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Real speed of wireless networking???

Last response: in Wireless Networking
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March 10, 2009 5:45:33 PM

Ok, I just bought a wireles IEEE 802.11b/g router and adapter:





And I'm concerned about actual transfer rates.

When It usually says it's connected at 54 or 48 Mbps, but when I'm transferring big files (1 GB and above), it starts to go down and ends up on 11Mbps, so it can take about an hour to transfer 2.5 - 3 GB, so my questions are this.

1) Is there a way to transfer files with the actual 54Mbps stated by the product or near that number?
2) Is that 54Kbps really about 1/2 for download and 1/2 for upload?
3) Is the speed of the connection stated on the windows xp task bar's icon the one I should believe?
4) What transfer rates should I expect from my setup?
5) does securing the network give you less transfer rates?


Anonymous
a b F Wireless
March 10, 2009 9:01:54 PM

"Is that 54Kbps really about 1/2 for download and 1/2 for upload?"

Correct, I believe. So far it hasn't mattered too much because broadband speeds are seldom anything like the figures claimed by ISPs.

Aside from the issue of WEP we might as well still be using 802.11b
March 10, 2009 9:13:02 PM

Quote:
"Is that 54Kbps really about 1/2 for download and 1/2 for upload?"

Correct, I believe. So far it hasn't mattered too much because broadband speeds are seldom anything like the figures claimed by ISPs.

Aside from the issue of WEP we might as well still be using 802.11b


Thanks, any answer to the other questions?
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Anonymous
a b F Wireless
March 11, 2009 9:00:33 AM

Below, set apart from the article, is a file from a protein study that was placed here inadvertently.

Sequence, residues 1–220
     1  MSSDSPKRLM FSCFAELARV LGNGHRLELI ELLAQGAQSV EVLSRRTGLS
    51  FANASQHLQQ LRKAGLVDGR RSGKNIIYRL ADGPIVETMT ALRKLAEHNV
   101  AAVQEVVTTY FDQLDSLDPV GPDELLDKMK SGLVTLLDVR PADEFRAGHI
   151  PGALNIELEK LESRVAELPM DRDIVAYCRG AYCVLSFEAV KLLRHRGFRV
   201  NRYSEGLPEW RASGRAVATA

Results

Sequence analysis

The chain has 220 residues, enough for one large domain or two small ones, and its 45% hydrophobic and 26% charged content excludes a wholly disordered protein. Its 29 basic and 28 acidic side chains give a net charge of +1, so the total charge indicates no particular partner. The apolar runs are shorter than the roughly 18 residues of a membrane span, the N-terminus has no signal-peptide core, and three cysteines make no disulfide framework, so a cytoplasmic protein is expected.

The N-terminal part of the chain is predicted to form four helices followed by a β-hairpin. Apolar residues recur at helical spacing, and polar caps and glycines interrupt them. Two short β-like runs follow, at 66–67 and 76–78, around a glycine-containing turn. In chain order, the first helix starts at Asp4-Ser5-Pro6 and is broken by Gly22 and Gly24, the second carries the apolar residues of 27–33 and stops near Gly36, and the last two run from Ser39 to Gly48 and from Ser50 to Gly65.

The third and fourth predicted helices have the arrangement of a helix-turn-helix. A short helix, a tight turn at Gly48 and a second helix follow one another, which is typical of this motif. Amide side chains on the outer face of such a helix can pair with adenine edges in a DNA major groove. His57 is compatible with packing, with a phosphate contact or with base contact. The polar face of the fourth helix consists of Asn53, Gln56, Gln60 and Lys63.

"Is the speed of the connection stated on the windows xp task bar's icon the one I should believe?"

No. The only reliable speed test is to find sites which appears to offer decent download speeds on very large downloads and run tests several times over a period of days. Test wired and via wireless.

"What transfer rates should I expect from my setup?"

That's down to your ISP, the quality of your ADSL/Cable feed (distance from exchange, number of users, noise, house phone wiring etc) and, of course, down to the strength/quality of your wireless.

"does securing the network give you less transfer rates?"
Apparently, yes. And in my experience WPA takes extra time to establish a connection.

Things you can do about it: 1) Don't use wireless (see mains plug netw adapters) 2) Check your phone wiring if on ADSL -- like don't run the router on an extension and investigate buying a purpose built master socket which isolates itself from noise from extension wiring.

March 11, 2009 11:56:04 AM

Sorry, I forgot to tell you, I'm talking about transfer rates from one computer to another. My connection is only 1Mbps, so I'll never be able to determine the limits of my network that way.
Anonymous
a b F Wireless
March 11, 2009 12:31:35 PM

Well, the same principles apply. Shove big files back and forth between the machines and test under various conditions (in this case test wireless options until you conclude that wireless is pretty hopeless).